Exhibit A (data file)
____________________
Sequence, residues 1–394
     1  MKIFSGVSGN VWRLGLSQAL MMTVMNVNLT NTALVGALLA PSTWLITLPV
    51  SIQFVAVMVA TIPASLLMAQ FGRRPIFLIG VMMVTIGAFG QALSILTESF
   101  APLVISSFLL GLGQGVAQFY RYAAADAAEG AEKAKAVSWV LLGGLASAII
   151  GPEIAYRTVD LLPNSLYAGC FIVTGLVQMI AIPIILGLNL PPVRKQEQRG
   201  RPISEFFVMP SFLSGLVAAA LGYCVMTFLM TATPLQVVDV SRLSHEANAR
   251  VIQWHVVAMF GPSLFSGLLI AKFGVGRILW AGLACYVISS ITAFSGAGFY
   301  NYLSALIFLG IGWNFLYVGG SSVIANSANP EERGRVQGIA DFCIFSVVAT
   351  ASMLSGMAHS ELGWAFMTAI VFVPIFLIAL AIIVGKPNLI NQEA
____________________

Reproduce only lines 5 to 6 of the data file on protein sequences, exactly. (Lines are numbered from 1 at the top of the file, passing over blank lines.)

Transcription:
   151  GPEIAYRTVD LLPNSLYAGC FIVTGLVQMI AIPIILGLNL PPVRKQEQRG
   201  RPISEFFVMP SFLSGLVAAA LGYCVMTFLM TATPLQVVDV SRLSHEANAR